“I don’t think I ever met with the president alone. I didn’t meet with him very often.   Powell had access to him whenever he wanted it.   And if he was so sure it was a mistake why didn’t he say so?”

Wolfowitz called for Saddam’s overthrow during the 1991 Gulf War and was the first senior official to advise Bush, days after the September 11, 2001, terror attacks, to seek regime change in Iraq.

He denied that he was “the architect” of the Iraq invasion.   “It wasn’t conducted according to my plan.”

His desire, he said, was to train Iraqi exile troops to take part in the invasion and then avoid the “illusion” that Americans could run the country better than Iraqis. “Most Americans needed a translator, which in itself was a terrible weakness because translators were either vulnerable to assassination or they were working for the enemy.”

Wolfowitz’s familiar shock of greying hair — mocked by Michael Moore in the anti-war documentary Fahrenheit 9/11, which uses
footage of him trying to smooth it down with spit before a television appearance — is now almost white.

But he believes it is still too soon to pass judgment on the wisdom of the invasion of Iraq, which began 10 years ago this week.

“We still don’t know how all this is all going to end,” he said. “With the Korean War , it is amazing how different Korea looks after 60 years than it looked after 10 or even 30.”

The Iraq counterinsurgency strategy implemented in 2007, two years after Wolfowitz had left the Pentagon, was “impressively successful in a relatively short space of time”, even though the situation “had spiralled out of control and we’d had sectarian war”.

There would have been a high price to pay for inaction over Saddam, he insisted. “We would have had a growing development of Saddam’s support for terrorism.

“We would very likely either have had to go through this whole scenario all over but probably with higher costs for having delayed, or we’d be in a situation today where not only Iran was edging towards nuclear weapons but so was Iraq and also Libya.”

Wolfowitz lambasted those who accuse Bush of lying about Iraq.   The conclusion that Saddam had weapons of mass destruction was “the consensus judgment of the intelligence community” and of most Democratic senators — “Hillary Clinton certainly was one of them”.

He added: “The falsehood that the president lied, which by the way is itself a lie, is so much worse than saying we were wrong.

A mistake is one thing, a lie is something else.”

                                Ahmad Chalabi

Before the invasion, Wolfowitz was an admirer of Ahmad Chalabi, the controversial Iraqi exile who has since broken with the US government.

Asked if he thought Chalabi, whose Iraqi National Congress is said to have supplied much of the information to US intelligence that prompted the invasion, had been straight with America, Wolfowitz replied: “I don’t think anybody in that part of the world was completely straight with us.  They all had their agendas.”

By implication, Wolfowitz is critical of the US military, some of whose generals suggested sending in as many as 300,000 troops.

“I don’t want to get into the finger-pointing business but we had sort of forgotten everything we learned 30 years before about counterinsurgency . . . this was not the kind of war you win by overwhelming force.”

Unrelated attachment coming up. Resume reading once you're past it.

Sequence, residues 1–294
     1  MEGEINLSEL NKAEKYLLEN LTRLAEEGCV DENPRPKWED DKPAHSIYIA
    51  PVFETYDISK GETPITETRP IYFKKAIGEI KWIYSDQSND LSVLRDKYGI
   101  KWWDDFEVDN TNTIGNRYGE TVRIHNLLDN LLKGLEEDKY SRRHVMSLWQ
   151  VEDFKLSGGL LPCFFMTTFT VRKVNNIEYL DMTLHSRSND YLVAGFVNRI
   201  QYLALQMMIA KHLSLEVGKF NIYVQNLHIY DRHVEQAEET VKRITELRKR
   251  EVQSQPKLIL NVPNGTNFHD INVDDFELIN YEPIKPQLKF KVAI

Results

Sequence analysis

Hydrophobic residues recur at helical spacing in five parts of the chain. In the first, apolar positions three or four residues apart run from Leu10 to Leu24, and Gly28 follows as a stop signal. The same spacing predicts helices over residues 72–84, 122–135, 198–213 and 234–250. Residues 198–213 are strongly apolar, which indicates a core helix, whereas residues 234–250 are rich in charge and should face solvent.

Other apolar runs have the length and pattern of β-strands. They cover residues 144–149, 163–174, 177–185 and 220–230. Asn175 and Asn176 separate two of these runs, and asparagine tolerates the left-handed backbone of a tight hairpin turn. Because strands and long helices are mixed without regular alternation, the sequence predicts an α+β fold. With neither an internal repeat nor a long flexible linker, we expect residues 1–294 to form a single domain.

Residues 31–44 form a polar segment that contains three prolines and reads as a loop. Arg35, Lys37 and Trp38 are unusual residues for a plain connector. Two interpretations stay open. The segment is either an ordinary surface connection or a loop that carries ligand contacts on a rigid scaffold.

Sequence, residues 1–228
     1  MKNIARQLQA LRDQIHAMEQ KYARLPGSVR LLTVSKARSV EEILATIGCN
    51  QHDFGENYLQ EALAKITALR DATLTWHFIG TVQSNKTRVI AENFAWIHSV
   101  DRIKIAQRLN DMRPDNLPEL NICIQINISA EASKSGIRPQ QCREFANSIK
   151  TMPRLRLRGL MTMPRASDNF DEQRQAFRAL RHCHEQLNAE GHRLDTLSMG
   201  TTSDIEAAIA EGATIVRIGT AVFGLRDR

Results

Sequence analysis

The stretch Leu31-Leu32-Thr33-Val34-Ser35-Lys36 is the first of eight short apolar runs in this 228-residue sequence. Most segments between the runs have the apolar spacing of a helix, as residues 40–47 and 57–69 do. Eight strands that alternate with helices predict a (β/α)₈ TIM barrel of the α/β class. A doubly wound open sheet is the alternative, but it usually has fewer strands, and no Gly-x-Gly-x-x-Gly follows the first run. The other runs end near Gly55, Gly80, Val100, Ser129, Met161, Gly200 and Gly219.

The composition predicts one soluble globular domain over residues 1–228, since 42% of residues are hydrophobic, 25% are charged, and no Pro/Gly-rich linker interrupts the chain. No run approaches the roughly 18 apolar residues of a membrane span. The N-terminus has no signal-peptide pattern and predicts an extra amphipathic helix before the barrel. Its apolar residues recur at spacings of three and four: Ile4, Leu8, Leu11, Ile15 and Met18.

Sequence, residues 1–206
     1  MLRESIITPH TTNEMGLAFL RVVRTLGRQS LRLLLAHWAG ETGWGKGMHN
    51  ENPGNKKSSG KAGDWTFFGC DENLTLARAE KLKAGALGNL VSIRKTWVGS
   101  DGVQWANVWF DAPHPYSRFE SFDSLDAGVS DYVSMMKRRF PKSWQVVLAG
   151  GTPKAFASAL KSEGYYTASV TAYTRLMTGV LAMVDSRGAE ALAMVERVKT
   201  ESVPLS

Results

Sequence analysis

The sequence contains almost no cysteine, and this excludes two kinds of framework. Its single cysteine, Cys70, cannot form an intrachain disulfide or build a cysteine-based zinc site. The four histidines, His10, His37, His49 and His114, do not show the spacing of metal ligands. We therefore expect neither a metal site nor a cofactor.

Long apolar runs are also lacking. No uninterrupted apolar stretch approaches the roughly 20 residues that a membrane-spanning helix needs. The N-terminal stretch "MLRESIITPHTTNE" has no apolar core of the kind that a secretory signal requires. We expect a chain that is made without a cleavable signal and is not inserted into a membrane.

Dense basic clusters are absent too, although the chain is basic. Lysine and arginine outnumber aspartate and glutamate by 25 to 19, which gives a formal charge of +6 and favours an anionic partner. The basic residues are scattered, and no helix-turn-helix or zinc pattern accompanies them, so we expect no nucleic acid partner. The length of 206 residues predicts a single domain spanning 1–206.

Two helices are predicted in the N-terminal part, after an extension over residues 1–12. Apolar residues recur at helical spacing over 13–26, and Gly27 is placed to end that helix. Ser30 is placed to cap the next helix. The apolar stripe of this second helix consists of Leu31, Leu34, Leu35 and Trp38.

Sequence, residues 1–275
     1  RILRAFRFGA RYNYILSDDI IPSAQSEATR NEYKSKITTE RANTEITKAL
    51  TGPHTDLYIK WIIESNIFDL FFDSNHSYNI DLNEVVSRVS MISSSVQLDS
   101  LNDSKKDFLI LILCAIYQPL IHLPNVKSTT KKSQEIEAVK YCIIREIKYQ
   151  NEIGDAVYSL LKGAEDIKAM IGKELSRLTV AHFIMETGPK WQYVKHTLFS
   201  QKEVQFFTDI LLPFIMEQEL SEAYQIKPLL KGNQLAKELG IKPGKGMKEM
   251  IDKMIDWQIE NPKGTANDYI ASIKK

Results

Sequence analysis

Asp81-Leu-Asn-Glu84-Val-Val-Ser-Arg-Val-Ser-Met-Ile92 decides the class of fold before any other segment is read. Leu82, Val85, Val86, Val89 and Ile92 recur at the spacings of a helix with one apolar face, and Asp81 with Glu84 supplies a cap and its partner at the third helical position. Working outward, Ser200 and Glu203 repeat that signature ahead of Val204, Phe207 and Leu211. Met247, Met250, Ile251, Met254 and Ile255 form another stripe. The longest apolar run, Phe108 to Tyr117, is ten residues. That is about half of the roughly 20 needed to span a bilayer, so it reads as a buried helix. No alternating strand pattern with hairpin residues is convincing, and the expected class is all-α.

His biggest fear now is that war weariness will prompt America to abandon Iraq and leave Syria’s rebels to their fate, just as the Shi’ite rebels in southern Iraq were allowed to be crushed by Saddam in 1991.

“If those rebellions had succeeded, we would never have had that second [Iraq] war . . . that is the lesson we should be applying in Syria today.

“Instead, somehow people are afraid to do anything to help the Syrian rebels lest we end up with an invasion and occupation of Syria.   But that isn’t on the table.”

Over the years, Wolfowitz has quietly visited grievously wounded troops at Walter Reed military hospital outside Washington as well as the families of those who died in Iraq and Afghanistan.

Asked whether the deaths and injuries of troops weigh on him, he paused before responding: “I realise these are consequential decisions.   It’s just that they’re consequential both ways.

“I don’t want to start to reopen this whole debate about 9/11 and what our overall response was and the fact that we haven’t been hit again.

“But at the core of it to me is we faced a very serious threat,  the Supreme Court affirms Rumsfeld’s immunity from torture lawsuit.    I
think we’ve done remarkably well at preventing a recurrence.”

Supreme Court affirms Rumsfeld’s immunity from torture lawsuits (June 2013)

U.S. military officials who engaged in ordering or carrying out the torture of individuals in custody can now rely upon an across-the-board legal defense that protects them from being sued for committing what amounts to an international crime, thanks to a Supreme Court ruling on Monday.

The court affirmed an earlier ruling by the Seventh Circuit Court of Appeals, which held in 2012 that former Secretary of Defense Donald Rumsfeld could not be sued for personally approving torture techniques used against prisoners held during the
Bush administration’s terror war.

The earlier ruling was so broad that it applied to all military officials, including the individuals who carried out torture.

The Supreme Court rejected an appeal of that ruling on Monday without comment, solidifying the lower court’s opinion that military officials are immune to civil lawsuits over torture.

The lawsuit sprang from the internment of two Americans, Donald Vance and Nathan Ertel, who worked for an Iraqi-owned contractor in occupied territory. Vance reported the contractor, Shield Group Security, to the FBI in 2006 for allegedly running illegal guns and trading U.S. troops booze for ammunition.